Having previously secured funding form the Scottish Government Arctic Connections fun, the Strathclyde University team, led by Dr Paul Adams, was successful in securing Royal Society of Edinburgh funding to build on their work on northern pedagogies. For this project Dr Adams collaborated with colleagues from the University of Aberdeen and University of Lapland, in Finland.
This project provided opportunities for 30 HEI-based teacher educators from across from nine Scottish ITE institutions to explore Arctic Pedagogy with individuals from the Arctic region. Through an in-person, three-day symposium the principles of Arctic Pedagogy were considered for how they might support teacher education provision. Findings and associated papers are to be published in Education in the North (EITN).
Participant feedback noted relevance of this work for Scottish ITE and for the work of ITE tutors. The initial keynote (Professor Paulgaard; UiT, Norway) demonstrated the importance of challenging metro-centricity and stagist views of child-development. Dr Vijayavarathan’s (University of the Faroe Islands) presentation highlighted the importance of voice, language, and the need for reconceptualising inclusion through culturally responsive teaching. Professor Gunnþórsdóttir’s (University of Akureyri, Iceland) presentation reinforced the need to work with community groups to understand how location is conceptualised and appreciated. Finally, Professor Turunen’s (University of Lapland, Finland) input highlighted that ‘the ‘centre’ always belongs to the individual’ and that national drives for scale and conformity have a tight grip on society and must be challenged. Socially and culturally, the work presented by the keynote speakers raised awareness of similarities and differences between peoples in ‘the Arctic’ and people who live and work in Scotland. The keynotes highlighted the challenges faced by those in rural and remote communities across ‘the North’ and how hitherto deficit conceptions of such areas can be challenged.
A significant outcome was a challenge to conceptions of community along with a deeper appreciation of how ITE might rupture deficit models of location. The idea of ‘presence’ rather than ‘absence’ was surfaced during the event and discussion surfaced as to how ITE might challenge current pedagogic orthodoxies through a deeper appreciation of this alternative. General thoughts highlighted the importance of education as not simply a response to market needs, but an approach to understanding and working with and through the intricacies of people, place, and time. Some noted how they had immediately begun to challenge prevailing orthodoxies in their thinking, and that they felt empowered to develop teacher education beyond simplistic ideas of methods and practices towards something quintessentially Scottish celebrating heritage and culture.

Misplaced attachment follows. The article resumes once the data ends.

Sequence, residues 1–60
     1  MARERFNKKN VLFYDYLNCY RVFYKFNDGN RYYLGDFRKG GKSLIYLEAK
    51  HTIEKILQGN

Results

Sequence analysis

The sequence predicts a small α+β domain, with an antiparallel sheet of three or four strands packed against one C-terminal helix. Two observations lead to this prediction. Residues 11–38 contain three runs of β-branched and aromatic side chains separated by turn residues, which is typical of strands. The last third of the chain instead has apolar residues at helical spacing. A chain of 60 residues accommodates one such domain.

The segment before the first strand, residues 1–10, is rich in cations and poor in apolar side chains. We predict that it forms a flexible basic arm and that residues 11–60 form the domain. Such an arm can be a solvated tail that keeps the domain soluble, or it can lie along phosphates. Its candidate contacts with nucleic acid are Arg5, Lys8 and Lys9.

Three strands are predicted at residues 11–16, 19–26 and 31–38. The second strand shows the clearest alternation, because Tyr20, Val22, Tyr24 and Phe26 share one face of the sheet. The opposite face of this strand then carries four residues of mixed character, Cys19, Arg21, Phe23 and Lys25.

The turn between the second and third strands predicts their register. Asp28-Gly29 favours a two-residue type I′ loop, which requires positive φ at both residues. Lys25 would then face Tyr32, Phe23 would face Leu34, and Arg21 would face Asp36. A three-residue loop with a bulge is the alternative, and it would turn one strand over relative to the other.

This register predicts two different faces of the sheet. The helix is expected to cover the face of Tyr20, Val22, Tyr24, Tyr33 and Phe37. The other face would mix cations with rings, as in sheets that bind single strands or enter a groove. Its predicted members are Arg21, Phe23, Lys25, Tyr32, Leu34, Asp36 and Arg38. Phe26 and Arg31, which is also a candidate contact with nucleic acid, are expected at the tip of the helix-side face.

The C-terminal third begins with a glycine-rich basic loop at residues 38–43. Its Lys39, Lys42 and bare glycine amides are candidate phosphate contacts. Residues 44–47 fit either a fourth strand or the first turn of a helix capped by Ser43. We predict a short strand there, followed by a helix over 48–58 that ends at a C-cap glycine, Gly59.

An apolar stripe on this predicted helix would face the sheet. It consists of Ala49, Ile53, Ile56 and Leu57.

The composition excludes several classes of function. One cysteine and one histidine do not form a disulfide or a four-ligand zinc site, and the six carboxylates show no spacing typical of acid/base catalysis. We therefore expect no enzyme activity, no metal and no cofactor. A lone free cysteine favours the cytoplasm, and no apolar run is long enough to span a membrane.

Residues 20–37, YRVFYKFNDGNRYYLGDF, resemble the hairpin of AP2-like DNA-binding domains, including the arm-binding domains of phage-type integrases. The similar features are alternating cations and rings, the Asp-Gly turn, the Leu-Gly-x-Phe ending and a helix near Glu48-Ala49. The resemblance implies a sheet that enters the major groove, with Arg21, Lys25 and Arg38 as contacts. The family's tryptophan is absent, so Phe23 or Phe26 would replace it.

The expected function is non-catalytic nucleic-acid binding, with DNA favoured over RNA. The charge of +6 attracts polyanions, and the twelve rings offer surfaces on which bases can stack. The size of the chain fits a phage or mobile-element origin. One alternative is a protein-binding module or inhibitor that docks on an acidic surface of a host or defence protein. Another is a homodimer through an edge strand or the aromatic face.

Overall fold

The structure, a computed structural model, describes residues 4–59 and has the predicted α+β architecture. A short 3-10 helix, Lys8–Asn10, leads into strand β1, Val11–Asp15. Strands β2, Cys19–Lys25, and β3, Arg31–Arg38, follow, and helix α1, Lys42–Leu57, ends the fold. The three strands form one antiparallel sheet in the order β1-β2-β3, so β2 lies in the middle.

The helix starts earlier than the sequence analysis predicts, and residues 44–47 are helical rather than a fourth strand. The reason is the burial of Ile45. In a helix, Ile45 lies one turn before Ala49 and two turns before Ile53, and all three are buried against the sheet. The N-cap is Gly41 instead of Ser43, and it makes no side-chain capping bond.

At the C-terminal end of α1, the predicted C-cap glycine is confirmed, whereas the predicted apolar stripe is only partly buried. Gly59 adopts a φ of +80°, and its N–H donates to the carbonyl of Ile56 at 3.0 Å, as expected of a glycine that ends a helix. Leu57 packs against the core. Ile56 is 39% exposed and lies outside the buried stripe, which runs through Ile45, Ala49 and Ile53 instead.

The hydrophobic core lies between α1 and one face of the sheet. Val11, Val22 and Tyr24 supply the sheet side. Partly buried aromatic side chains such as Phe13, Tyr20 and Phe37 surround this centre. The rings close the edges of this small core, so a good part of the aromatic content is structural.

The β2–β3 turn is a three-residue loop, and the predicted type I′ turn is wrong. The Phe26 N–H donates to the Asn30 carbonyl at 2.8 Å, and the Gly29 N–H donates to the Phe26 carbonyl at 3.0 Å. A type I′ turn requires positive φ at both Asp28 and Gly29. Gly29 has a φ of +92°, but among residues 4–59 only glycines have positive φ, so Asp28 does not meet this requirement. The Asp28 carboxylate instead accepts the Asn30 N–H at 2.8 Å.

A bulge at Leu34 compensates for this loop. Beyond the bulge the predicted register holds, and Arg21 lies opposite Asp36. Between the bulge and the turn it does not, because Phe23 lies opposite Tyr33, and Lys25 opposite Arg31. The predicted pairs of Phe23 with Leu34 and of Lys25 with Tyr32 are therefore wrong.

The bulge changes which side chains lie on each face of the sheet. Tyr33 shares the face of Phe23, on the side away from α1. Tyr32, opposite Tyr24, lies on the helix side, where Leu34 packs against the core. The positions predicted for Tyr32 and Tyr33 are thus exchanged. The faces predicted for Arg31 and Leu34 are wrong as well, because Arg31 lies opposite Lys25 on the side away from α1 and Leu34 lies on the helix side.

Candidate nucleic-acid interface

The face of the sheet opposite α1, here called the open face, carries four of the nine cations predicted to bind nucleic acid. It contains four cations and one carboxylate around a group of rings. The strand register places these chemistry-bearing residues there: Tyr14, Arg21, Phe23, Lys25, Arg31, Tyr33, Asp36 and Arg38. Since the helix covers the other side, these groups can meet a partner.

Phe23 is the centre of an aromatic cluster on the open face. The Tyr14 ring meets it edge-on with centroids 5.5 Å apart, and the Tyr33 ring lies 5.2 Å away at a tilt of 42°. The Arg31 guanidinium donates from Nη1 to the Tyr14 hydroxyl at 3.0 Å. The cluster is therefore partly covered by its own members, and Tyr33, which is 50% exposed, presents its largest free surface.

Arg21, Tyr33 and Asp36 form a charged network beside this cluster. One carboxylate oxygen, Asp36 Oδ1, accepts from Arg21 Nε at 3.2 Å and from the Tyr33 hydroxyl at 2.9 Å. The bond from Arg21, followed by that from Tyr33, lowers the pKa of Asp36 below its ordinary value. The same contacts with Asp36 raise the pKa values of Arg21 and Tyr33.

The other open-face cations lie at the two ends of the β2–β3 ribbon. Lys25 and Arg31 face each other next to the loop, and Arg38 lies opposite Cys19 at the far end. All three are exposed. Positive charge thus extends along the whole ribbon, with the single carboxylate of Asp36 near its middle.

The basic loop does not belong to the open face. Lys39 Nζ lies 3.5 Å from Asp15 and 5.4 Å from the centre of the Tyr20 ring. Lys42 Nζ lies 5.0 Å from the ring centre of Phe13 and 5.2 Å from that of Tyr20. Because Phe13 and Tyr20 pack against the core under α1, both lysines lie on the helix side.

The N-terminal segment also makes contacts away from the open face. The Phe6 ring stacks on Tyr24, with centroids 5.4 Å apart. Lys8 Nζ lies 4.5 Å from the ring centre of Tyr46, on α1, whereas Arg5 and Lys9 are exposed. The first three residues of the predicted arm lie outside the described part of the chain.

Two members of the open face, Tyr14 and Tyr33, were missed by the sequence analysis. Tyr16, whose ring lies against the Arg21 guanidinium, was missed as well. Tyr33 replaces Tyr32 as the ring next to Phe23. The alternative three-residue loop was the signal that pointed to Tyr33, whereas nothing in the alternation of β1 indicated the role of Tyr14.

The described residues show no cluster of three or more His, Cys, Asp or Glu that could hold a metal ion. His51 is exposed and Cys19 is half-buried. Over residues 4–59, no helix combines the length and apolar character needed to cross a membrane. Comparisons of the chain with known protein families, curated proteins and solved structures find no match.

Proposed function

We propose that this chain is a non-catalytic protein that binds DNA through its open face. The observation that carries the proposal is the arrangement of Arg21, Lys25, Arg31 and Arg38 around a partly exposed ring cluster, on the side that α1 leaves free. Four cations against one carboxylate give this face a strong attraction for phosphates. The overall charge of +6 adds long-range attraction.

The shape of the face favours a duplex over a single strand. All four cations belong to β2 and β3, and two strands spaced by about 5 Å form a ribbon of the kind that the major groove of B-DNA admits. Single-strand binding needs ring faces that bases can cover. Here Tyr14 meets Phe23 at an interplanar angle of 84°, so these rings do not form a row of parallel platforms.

Future research/scholarship opportunities to enrich and extend the work of participants was also discussed. Here, challenging metrocentric conceptions of teacher education and child development proved particularly salient. Work on inclusion and redefining locality further challenged Western liberal thought and led to appreciation of the subjectivity of context and location. Suggestions for the future included linking events, work with colleagues in their own institutions, and challenging previous ways of working that paid little to no attention to people, place, and time. Participants were keen to extend the work to include policymakers and colleagues from institutions and organisations wider than just ITE and HEIs.
After this project, funding has been secured from the Royal Society of Edinburgh to extend membership of the steering group to colleagues from Greenland and Canada and further colleagues from Finland. This bid supports key staff to meet in Tromsø, Norway, to enrich steering group membership and to include insights from indigenous pedagogies. The steering group is also holding a one-day event prior to ECER in August 2023. Talks are also underway between the Arctic Pedagogies group and a smaller group discussing rural and remote issues. With the University of Calgary, discussions are underway concerning a bid for Canadian funding to extend this work, develop understanding of indigenous pedagogy and ways of knowing, and to embed ‘Northern Pedagogy’ into the work of teachers and teacher educators.
In the ‘Members research spotlight’ series, we are bringing you updates from research projects of ScAN members. If you have a publication/expedition report/exhibition/podcast/workshop or any other relevant news to share, please send it to firstname.lastname@example.org with ‘ScAN Members research spotlight for website’ in the title.